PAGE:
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How Often Does One Plan for Health?

17

Jul 2014

How Often Does One Plan for Health?

Contributed by Laura R. Novakowski Why is our health always the last consideration? It seems that most often we plan vacations and parties. Next, we plan for schools, careers and retirement? However, studies too numerous to mention indicate that most people don’t proactively plan for health until they are struck by a disease. Now, consider this… Building a Well Workplace: Six Reasons Why Health Promotion Makes Good Business Sense Source: WELCOA – http://www.welcoa.org/wellworkplace/index.php?cat=1&page=1 REASON #1: Although we spend more dollars on health care than any other industrialized nation, our citizens are not the worlds healthiest. REASON #2: Much of the illness in the US is directly preventable. REASON #3: Healthcare costs are an issue of significant concern. REASON #4: The work-site is an ideal setting to address health and well-being. REASON #5: Recent empirical research validates that health promotion programs can improve health, save money and even produce a return on investment. REASON #6: More and more companies are building world-class wellness programs.   Finding the Right Tools Finding the right resources, products and services now seem significantly more important. The right tools don’t have to be costly. In fact, the costs of them are significantly lower than the cost of hospitalization, rehabilitation and medications. Here are the three most obvious tools: Medical Profession – Tradition health care is still an invaluable tool. Annual visits to a health professional are less costly than Emergency Room visits. Physicians, Nurses, Therapists, Dietitians are a resource that needs to be carefully selected and a positive relationship developed and nurtured to help overcome present and prevent future health issues Complementary & Alternative Health – According to National Center for Complementary and Alternative Medicine, complementary and alternative medicines are “The array of health care approaches with a history of use or origins outside of mainstream medicine.” Focusing on symptom relief, complimentary and alternative…

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03

Jul 2014

Harnessing Data to Improve Health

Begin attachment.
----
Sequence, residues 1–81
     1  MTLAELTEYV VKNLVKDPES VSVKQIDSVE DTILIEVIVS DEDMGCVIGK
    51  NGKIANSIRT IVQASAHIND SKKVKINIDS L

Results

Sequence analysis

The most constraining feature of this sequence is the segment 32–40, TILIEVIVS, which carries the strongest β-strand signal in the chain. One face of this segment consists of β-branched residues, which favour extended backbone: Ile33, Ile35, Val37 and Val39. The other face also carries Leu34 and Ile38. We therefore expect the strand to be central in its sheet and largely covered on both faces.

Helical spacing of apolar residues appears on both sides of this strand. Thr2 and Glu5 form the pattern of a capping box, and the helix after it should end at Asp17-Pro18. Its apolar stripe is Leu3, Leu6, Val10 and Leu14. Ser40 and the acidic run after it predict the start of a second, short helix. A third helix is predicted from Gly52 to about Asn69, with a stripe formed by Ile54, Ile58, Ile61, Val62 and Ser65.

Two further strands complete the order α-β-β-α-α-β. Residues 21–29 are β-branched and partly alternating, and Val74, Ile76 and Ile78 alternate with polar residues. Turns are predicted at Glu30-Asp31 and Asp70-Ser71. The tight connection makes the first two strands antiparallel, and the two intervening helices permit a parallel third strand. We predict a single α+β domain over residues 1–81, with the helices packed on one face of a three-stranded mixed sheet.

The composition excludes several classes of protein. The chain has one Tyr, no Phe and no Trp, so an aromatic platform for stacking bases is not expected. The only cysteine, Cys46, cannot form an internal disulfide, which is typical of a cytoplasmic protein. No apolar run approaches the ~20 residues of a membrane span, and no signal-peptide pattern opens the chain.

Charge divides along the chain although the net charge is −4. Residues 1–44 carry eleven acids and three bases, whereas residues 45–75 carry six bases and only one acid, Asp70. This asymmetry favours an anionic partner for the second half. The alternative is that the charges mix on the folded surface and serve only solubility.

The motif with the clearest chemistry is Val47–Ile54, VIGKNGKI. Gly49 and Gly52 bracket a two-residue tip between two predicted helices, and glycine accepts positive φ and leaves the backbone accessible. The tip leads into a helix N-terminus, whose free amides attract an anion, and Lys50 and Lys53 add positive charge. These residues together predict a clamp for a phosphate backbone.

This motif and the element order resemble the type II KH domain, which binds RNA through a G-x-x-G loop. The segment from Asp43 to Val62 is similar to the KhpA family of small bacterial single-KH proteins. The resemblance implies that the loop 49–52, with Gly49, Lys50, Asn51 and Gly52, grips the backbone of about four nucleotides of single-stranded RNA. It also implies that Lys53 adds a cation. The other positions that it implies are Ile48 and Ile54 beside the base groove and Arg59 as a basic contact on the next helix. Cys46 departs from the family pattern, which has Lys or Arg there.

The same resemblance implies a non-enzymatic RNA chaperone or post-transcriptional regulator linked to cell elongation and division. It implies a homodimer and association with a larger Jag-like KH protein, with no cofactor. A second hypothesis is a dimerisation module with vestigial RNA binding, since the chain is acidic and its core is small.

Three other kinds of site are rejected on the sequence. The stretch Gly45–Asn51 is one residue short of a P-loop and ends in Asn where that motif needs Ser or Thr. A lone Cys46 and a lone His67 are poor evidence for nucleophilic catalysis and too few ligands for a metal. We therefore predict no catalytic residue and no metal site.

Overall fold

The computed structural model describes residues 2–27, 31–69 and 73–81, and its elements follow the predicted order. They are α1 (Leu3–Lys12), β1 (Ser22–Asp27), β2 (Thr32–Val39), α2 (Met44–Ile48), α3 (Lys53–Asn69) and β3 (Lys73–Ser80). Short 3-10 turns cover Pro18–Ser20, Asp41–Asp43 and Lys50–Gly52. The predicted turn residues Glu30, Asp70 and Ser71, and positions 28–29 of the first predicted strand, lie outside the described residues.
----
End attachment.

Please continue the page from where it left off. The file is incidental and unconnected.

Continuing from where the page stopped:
Family- centered care, patient-centered care, and engagement, are the “buzz” words in health care today. What this means is there is a coordinated effort by hospitals and public health officials to use electronic medical records and give individuals’ access to their records in order for them to manage their own care. Studies show that engaged individuals have lower healthcare costs, less medication mistakes, and better health outcomes. Individuals, who are engaged in their healthcare, collaborate with their health provider in decision regarding their care and treatment options. Communication and time constraints often hinder the concept of engagement. Many are intimidated by their health provider, lack the skills necessary to communicate effectively, and with only a15- minute office visit, usually can’t get all their needs met. Using personal health data and a health management tool could bridge that gap in communication. Using the Right Tool Today, there are new apps and electronic devices being developed every day to track your health. Their use, however, is limited. While technology is great, it comes with its’ own challenges. Most technology is information based only and does not provide for education or individualization. It cannot assess, evaluate, or build on acquired knowledge. It also eliminates a group of people who do not use technology, such as the elderly. A printed document however, can be personalized, interactive, educational, and shared with a health provider during a visit, social support network, or a team of specialists. Sharing documents in this manner breaks down the barriers usually associated with ineffective communication such as lack of confidence, and lack of knowledge. An Opportunity for Health Promotion It is our opinion at Health Promotion Associates, LLC, that a shift in the way we promote health is needed. The principles of individual engagement involve a set of skills that supports…

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